North Carolina Republicans released a second draft of a new Congressional map Tuesday that is worse politically for Democrats than the original version released earlier this month.
The new map draws Democratic Reps. Brad Miller and David Price together into Price’s 4th district and puts Democratic Reps. Mike McIntyre and Larry Kissell together in Kissell’s 8th district. The first version of the map did not pair any incumbents together and the latest, and likely final version, looks substantially different from that draft and the current map. Tar Heel State Republicans attributed the changes made to the new map largely to the requests of Democratic Rep. G.K. Butterfield, an accusation he denied.
“We felt we had a very compact, pre-clearance map for district No. 1, and Butterfield decided that he felt that he needed the Section 5s and, in essence, we gave that back and we moved him into Durham,” state Sen. Bob Rucho (R), chairman of the chamber’s redistricting committee, said in an interview.
Rucho was referring to counties covered by Section 5 of the 1965 Voting Rights Act. The proposed 1st district increases the percentage of African-Americans and the percentage of voting-age African-Americans in the district, which Butterfield has represented for four terms. The district remains heavily Democratic.
Rucho added that McIntyre and Kissell, as well as Miller and Price, were drawn together as the result of adjusting the 1st district.
“That wasn’t our intent to begin with, but we had no alternative as we proceeded to adjust because of the request by Butterfield,” he said. “We believe the maps are fair, legal and competitive.”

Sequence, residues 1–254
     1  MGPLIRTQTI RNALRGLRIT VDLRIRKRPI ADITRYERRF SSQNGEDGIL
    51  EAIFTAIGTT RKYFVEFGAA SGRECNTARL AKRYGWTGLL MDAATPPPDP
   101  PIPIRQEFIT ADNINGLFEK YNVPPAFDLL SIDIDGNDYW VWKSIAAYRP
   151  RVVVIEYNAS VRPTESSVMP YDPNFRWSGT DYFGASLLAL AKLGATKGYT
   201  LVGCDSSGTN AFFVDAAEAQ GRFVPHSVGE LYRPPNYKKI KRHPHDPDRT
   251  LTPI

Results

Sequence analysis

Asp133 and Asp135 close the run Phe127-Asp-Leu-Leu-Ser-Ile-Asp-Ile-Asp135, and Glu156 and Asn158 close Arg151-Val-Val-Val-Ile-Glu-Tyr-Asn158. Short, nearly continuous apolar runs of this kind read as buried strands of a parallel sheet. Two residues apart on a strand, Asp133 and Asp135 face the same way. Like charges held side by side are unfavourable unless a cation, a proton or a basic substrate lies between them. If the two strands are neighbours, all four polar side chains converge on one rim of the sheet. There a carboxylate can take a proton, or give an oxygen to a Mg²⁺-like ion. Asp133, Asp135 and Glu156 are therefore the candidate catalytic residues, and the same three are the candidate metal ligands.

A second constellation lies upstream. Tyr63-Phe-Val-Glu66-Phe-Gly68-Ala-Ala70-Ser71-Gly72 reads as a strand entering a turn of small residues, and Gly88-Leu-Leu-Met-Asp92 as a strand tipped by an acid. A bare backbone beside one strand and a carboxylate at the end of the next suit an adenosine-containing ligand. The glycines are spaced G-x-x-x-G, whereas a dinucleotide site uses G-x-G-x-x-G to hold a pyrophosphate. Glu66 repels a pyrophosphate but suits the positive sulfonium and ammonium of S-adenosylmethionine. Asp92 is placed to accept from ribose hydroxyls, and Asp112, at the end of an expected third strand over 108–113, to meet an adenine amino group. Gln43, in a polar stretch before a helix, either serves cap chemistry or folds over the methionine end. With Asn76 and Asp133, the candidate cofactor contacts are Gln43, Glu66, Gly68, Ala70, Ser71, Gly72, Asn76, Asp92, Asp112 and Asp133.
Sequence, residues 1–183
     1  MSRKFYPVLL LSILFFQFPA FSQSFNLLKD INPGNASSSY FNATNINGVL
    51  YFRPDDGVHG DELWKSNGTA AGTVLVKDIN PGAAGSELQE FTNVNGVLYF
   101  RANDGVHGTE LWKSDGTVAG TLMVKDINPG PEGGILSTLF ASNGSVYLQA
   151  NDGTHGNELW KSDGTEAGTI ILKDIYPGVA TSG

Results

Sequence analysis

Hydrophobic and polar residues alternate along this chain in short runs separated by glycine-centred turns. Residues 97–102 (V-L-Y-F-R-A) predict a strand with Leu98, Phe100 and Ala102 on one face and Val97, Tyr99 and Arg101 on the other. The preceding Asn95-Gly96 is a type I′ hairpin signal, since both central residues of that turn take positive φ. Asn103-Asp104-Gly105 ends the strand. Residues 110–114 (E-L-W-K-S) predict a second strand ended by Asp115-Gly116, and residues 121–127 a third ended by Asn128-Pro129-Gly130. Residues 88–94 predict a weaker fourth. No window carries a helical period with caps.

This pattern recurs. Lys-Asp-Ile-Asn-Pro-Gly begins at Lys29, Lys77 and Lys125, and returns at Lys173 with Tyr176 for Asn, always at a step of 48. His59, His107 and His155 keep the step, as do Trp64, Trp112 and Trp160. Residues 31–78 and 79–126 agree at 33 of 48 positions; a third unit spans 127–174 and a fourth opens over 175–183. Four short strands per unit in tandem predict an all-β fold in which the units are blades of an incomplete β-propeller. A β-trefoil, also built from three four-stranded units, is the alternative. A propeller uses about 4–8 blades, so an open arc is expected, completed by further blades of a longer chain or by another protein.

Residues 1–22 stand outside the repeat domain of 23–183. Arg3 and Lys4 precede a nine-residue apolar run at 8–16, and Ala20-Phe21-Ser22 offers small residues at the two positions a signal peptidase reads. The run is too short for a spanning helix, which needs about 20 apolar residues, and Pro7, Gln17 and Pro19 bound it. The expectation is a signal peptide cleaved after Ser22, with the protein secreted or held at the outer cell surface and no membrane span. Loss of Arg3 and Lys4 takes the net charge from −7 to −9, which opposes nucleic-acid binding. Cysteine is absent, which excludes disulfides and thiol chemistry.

Butterfield said he did “express [his] outrage” at the first draft of the map, which took five Section 5-covered counties out of his district. And while he was “cautiously comfortable” with his new draft district, he said re-enfranchising African-Americans in the covered districts did not necessarily nor logically lead to the current draft map.
The map released Tuesday moved Butterfield’s district out of Wake County and into Durham County.
“Now they’re saying because I stood up for the voting rights of minorities in those five counties that were removed, the only way they could do this thing was to go into Durham County and to get me out of Wake County. That is not the case,” he said in an interview a few hours after the new map was released.
“They could have taken my district in any number of directions,” he said. “But they have the power of the pen ... and at some point it will be tested in the courts.”
Butterfield added that he didn’t think a map with 10 Republican districts and three Democratic ones properly represented North Carolina.
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